A game for two people, or play online. Given a target number, say 23, and a range of numbers to choose from, say 1-4, players take it in turns to add to the running total to hit their target.

Arrange the four number cards on the grid, according to the rules, to make a diagonal, vertical or horizontal line.

Given the products of adjacent cells, can you complete this Sudoku?

Play the divisibility game to create numbers in which the first two digits make a number divisible by 2, the first three digits make a number divisible by 3...

A game for 2 people using a pack of cards Turn over 2 cards and try to make an odd number or a multiple of 3.

A student in a maths class was trying to get some information from her teacher. She was given some clues and then the teacher ended by saying, "Well, how old are they?"

Can you complete this jigsaw of the multiplication square?

Andrew decorated 20 biscuits to take to a party. He lined them up and put icing on every second biscuit and different decorations on other biscuits. How many biscuits weren't decorated?

This package contains a collection of problems from the NRICH website that could be suitable for students who have a good understanding of Factors and Multiples and who feel ready to take on some. . . .

Investigate the smallest number of moves it takes to turn these mats upside-down if you can only turn exactly three at a time.

Starting with the number 180, take away 9 again and again, joining up the dots as you go. Watch out - don't join all the dots!

What do the numbers shaded in blue on this hundred square have in common? What do you notice about the pink numbers? How about the shaded numbers in the other squares?

Ben passed a third of his counters to Jack, Jack passed a quarter of his counters to Emma and Emma passed a fifth of her counters to Ben. After this they all had the same number of counters.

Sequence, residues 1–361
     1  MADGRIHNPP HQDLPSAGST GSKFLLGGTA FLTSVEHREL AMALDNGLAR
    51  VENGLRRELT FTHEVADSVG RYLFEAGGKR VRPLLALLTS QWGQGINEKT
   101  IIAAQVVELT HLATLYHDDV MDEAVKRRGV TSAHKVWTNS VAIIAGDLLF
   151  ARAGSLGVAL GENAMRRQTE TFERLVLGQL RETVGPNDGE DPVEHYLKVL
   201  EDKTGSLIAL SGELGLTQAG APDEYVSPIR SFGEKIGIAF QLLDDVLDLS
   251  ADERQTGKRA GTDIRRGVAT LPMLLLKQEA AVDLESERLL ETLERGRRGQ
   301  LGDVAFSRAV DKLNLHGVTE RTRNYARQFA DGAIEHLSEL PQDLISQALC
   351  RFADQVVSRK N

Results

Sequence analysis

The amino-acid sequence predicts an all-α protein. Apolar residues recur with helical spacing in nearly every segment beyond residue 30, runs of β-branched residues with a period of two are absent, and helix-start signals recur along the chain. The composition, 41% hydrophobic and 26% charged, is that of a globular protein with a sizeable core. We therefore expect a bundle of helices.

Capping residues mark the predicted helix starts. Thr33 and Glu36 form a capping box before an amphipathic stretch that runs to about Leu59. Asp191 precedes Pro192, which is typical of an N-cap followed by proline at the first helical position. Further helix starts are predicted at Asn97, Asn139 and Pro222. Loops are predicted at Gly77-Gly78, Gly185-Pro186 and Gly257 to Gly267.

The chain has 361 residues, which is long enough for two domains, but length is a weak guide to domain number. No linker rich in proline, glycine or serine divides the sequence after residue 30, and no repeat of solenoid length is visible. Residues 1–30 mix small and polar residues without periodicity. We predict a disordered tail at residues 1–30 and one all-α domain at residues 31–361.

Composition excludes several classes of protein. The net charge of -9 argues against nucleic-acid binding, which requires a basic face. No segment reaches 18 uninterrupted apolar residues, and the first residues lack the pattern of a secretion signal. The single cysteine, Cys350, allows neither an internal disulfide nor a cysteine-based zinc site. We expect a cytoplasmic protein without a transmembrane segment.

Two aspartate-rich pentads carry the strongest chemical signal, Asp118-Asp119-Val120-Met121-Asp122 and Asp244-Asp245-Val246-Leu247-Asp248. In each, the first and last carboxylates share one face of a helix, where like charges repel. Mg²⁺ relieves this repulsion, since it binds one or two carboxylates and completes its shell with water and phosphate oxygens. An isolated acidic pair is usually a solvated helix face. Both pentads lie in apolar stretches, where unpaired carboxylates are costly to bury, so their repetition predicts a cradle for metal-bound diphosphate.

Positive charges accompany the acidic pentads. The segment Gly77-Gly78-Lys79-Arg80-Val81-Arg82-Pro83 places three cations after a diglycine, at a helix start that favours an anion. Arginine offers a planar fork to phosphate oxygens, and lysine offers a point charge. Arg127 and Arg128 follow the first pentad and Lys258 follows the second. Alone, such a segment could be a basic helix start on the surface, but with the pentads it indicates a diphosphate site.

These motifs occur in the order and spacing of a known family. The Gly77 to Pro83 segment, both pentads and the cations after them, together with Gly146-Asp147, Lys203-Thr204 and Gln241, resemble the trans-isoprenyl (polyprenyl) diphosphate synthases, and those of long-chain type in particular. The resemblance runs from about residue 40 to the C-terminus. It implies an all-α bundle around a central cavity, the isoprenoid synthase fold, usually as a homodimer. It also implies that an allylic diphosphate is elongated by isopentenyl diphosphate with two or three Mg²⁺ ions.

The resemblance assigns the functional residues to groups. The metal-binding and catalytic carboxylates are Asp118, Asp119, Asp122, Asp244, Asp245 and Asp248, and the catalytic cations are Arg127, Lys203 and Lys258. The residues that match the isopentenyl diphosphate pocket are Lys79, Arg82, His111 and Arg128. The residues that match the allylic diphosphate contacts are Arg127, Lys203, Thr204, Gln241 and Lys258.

A game for 2 or more people. Starting with 100, subratct a number from 1 to 9 from the total. You score for making an odd number, a number ending in 0 or a multiple of 6.

A game in which players take it in turns to choose a number. Can you block your opponent?

If you have only four weights, where could you place them in order to balance this equaliser?

For this challenge, you'll need to play Got It! Can you explain the strategy for winning this game with any target?

Got It game for an adult and child. How can you play so that you know you will always win?

Look at three 'next door neighbours' amongst the counting numbers. Add them together. What do you notice?

Given the products of diagonally opposite cells - can you complete this Sudoku?

Can you fill in this table square? The numbers 2 -12 were used to generate it with just one number used twice.

Find the words hidden inside each of the circles by counting around a certain number of spaces to find each letter in turn.

How many different shaped boxes can you design for 36 sweets in one layer? Can you arrange the sweets so that no sweets of the same colour are next to each other in any direction?

What happens if you join every second point on this circle? How about every third point? Try with different steps and see if you can predict what will happen.

Factor track is not a race but a game of skill. The idea is to go round the track in as few moves as possible, keeping to the rules.